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Last Updated: Wednesday, 6 February 2008, 09:54 GMT
Railway Tavern's verdict on line
Sian Harris
BBC Wales news website

The Railway Tavern sign
Customers at the Railway Tavern are optimistic about the new rail line
The Railway Tavern's historical link with train travel is reflected not only its name but the old photographs that hang on the walls.

A local station and line that once ran alongside have long gone but of late, the railway has again been a topic of conversation in this Tredgar pub.

Until now, most talk of the 30m rail link from neighbouring Ebbw Vale to Cardiff has surrounded its delayed opening.

But on a cold winter afternoon, the thoughts of both landlords and customers turned to the benefits it may bring.

Driving from Tredegar to the Welsh capital takes around 45 minutes on a day when the traffic is kind. Up to an hour if not.

Sandra Lewis, who with husband Gwyn moved from Cardiff to become landlords of the Railway Tavern five months ago, said it can be a long drive.

She said: "At the moment, it [Tredegar] feels very remote. Unless you get the bus, if you haven't got a car, it's very difficult to access most things."

Matt, Ellie and Stephanie Jones
I think only down side, if does become popular, is it could make house prices even more out of reach of first time buyers.
Matt Jones, customer

Someone the new link could make a big difference to, according to Mrs Lewis, is her elderly mother who lives with them.

"For her to pop on a train to go to Cardiff, it would change her life," she said.

"It would make it so accessible for her, quicker, to see friends and things. If she's got to get a bus, it takes an hour-and-a-half to get there. It really eats into day."

Customer John Moore, 67, from Ebbw Vale, hoped the new line could mean an easier journey to Cardiff's Velindre Hospital where he is undergoing cancer treatment.

He said: "I would consider using the train to go to Velindre...A friend just started radiotherapy and has to be there 7am to 8am, if you get stuck in traffic they cancel radiotherapy."

The retired crane driver added: "It will make a big difference for the younger element, to be able to travel into city to find work."

Landlord Gwyn, 52, agreed: "We have a lot of unemployment in the valleys, it will make Cardiff more accessible for unemployed youngsters.

"I don't think there will be a lot of travel back the other way. I can't see people coming up to Ebbw Vale and Tredegar."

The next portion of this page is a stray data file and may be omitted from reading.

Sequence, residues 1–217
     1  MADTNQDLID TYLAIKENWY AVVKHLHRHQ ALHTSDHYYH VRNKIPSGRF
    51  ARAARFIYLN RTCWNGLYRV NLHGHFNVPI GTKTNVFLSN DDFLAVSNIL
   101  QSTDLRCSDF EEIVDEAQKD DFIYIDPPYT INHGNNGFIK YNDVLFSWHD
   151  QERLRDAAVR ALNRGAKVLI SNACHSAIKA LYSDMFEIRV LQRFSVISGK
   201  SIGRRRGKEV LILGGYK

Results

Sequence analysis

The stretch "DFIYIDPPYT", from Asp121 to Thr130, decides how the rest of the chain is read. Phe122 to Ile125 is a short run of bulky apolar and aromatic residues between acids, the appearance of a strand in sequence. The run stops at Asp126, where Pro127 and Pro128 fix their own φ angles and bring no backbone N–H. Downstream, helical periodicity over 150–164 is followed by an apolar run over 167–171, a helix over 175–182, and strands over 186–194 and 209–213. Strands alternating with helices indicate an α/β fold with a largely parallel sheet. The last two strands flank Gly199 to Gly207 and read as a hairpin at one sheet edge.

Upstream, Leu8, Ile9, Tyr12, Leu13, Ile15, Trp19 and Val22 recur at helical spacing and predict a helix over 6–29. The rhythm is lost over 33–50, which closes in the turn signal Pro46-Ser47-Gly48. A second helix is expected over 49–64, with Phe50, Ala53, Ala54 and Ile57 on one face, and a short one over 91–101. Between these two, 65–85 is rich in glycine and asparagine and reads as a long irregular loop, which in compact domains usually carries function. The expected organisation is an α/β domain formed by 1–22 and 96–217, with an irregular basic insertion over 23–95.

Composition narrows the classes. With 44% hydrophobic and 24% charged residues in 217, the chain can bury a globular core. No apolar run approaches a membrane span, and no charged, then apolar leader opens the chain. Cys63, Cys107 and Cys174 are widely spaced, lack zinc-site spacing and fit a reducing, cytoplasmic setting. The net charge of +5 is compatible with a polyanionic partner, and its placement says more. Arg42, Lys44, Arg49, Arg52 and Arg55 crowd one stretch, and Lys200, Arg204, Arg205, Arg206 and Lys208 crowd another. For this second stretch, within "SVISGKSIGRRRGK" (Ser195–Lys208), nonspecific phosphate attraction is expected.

His wife, however, was optimistic people will take the train to Ebbw Vale and come to Tredegar to experience its "beautiful walks".

Photograph of Tredegar Station
The line near the Railway Tavern ran from Abergavenny to Nantybwch

A further spin-off will be increased trade for taxi drivers, according to Mr Lewis.

He said: "We ring taxi drivers a lot. It's going to bring business to them. If people from Tredegar are using Ebbw Vale station, they're going to need a taxi."

Customer Mel Jones, 50, from Ebbw Vale, owns a security company and often avoids leaving home until after 0900 GMT to avoid A470 traffic.

He hopes more people using the train could ease traffic.

Matt Jones, 39, from Tredegar, who was enjoying lunch with wife Stephanie, 34, and three-year-old daughter Ellie, said they would try the new line.

He said: "We haven't had a rail link for so long, it's got to be a good for the Valleys.

"A lot of people who would not go into Cardiff, who haven't got car, may jump on a train. It will also help older people and people with disabilities who might find it difficult to get on bus."

But, he added: "I think only down side, if it does become popular, is it could make house prices even more out of reach of first-time buyers."

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06 Feb 08 |  South East Wales
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04 Jan 08 |  South East Wales
30m valley's rail link go-ahead
18 Dec 07 |  South East Wales
Talks held over 30m rail delay
14 Dec 07 |  South East Wales
Anger as 30m rail line delayed
12 Dec 07 |  South East Wales
Slow worms could delay stations
25 Oct 07 |  South East Wales

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